Fun At The Bicycle Workshop
1) Clean a couple surfaces in the living room so there is some flatness (as opposed to steep-sided mounds of clothing & paper).
It took me three hours to ‘integrate’ (=rearrange, hide) the crap loaded on the Big Dictionary-Sized tea cabinet.
Left dictionary open on the page for “woolgathering“. Discover that this is an artist’s blog (of course), and get drawn into her lovely watercolors and drawings… Pry myself from desk–which is still a wreck. Eye the steamer trunk drowning in ephemera, and wonder if putting shelves on the two inside halves mightn’t just increase stuffing capacity (and you leave it open, on its end)…wood-worker needed for that…sigh.
2) Work on bikes.
I needed a reward for item #1, so I told myself that playing with the new bike would be a treat. That is, making Charlie fix the red bike.
Charlie took the fork and did something with a vise and a square of leather and the world’s biggest wrench.
Now the fork looks normal, as opposed to looking like it was ridden into a stone wall at 20 mph.
The next step was to go to the Bicycle Workshop and have Jelani Bertoni guide me through the process of sorting out what needs to be done.
Bearings re-done. Tires replaced. Pedals repacked. Brakes adjusted. Even the scabrous saddle got a lathering of “leather lotion”.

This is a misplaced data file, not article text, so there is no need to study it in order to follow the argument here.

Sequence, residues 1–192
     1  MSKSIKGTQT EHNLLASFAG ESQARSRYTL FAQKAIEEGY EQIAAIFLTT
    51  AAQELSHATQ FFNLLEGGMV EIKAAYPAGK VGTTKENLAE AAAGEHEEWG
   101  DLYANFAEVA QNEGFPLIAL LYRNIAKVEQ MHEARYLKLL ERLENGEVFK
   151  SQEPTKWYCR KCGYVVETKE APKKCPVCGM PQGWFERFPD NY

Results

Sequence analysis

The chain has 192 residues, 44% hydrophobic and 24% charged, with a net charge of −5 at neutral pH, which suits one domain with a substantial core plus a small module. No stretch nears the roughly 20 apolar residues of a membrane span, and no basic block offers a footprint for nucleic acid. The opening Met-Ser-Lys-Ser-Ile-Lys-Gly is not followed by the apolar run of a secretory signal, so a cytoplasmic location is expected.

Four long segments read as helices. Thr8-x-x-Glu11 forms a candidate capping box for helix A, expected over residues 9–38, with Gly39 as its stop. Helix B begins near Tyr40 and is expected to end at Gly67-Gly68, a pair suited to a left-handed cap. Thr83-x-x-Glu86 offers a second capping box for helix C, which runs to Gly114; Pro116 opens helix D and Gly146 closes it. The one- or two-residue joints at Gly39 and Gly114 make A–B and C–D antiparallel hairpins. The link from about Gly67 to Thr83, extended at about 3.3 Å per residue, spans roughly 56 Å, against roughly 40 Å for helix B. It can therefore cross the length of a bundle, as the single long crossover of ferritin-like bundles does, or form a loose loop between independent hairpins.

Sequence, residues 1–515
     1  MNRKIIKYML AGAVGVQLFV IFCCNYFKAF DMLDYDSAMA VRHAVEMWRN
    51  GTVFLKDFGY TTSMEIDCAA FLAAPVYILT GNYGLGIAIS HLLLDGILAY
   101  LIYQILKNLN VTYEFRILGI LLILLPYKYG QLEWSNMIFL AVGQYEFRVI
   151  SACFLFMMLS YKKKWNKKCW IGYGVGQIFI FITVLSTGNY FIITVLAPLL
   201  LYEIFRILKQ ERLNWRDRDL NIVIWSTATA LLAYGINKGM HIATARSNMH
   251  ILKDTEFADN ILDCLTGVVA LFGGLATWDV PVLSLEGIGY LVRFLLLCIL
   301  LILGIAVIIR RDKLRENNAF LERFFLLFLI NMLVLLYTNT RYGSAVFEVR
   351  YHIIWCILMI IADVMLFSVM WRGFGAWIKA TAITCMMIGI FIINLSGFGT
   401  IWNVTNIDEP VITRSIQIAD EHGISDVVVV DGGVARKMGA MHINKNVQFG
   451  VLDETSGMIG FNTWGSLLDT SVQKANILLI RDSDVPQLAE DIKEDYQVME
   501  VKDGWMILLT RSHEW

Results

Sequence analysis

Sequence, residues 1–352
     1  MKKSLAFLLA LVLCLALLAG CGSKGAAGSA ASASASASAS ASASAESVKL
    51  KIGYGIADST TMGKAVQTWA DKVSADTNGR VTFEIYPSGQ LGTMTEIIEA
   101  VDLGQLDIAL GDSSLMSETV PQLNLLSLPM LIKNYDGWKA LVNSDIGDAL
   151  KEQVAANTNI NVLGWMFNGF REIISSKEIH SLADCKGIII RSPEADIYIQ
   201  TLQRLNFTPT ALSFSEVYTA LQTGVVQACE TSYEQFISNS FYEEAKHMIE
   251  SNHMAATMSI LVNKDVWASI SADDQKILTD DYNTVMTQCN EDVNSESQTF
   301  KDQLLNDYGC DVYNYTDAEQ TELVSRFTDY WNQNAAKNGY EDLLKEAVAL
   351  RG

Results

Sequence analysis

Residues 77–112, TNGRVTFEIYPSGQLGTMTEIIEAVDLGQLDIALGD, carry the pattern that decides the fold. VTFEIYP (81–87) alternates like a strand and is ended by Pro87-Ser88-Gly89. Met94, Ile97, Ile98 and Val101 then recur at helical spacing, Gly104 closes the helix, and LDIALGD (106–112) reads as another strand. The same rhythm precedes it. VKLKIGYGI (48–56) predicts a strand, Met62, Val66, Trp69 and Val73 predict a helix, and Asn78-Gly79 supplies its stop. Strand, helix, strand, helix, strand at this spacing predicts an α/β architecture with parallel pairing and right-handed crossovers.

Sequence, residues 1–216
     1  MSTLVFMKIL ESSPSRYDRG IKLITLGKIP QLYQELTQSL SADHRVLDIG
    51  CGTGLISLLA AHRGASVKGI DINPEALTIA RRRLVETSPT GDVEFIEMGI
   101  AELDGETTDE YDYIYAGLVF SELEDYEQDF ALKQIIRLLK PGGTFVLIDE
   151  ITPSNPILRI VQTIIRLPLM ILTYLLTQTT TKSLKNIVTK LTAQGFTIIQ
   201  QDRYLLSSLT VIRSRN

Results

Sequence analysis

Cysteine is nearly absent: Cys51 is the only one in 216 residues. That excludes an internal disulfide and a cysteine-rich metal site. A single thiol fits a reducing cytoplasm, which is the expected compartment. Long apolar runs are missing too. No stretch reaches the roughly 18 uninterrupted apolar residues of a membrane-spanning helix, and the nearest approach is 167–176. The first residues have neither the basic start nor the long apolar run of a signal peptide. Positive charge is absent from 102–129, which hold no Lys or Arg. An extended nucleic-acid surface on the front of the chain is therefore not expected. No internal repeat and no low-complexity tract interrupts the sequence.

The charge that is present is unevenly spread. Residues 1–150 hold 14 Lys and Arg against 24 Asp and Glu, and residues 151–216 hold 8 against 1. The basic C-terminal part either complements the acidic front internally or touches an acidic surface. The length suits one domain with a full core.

I’ll try to get proofide tomorrow, you guys say that’s the best, right?
The workshop was hopping. Three young men slaved away at BMX bikes in their respective zone, and and one old dude my age tinkered with I didn’t notice what. Talking Heads blared merrily overhead.
No one ever likes hearing me insist that the top reason for riding a bike is to develop sexy legs, but here comes another batty platitude: having rock n roll playing in the workspace makes the work seem fun. Tedium disappears.
We repacked the front hub, and I noticed the axle was more worm-shaped than rod-shaped. Rolling it between your fingers, you felt the Wrongness, though not easy to see. Probably that insult involving a fast-moving wall and a baffled rider. Bent or not, we slid the threaded rod (“axle”, to you) into place. We will see what we get (later at home, CC said it’s easy to straighten! Hmmm. I guess if you have a giant level table it is. One of those one-ton affairs).
Off came tires and tubes. Interestingly, the butyl tubes still held air. And the tires were nice and stiff except for the horrible long weather-cracks in them. It might be a 1963-ish bicycle ridden a couple of times, crashed badly, and hung up forever.
The brake pads say “JOHN BULL” and look un-worn.
Alas we didn’t finish (I’d budgeted a month to fix it, but unrealistically wanted to be done in two hours), so everything’s a bit in limbo til tomorrow or Thursday.
Which is my birthday. You might have noticed I de-facebooked myself so I’m telling you myself, instead of letting them give you the thoughtful hint that I’m 54 going on…oh….twelve.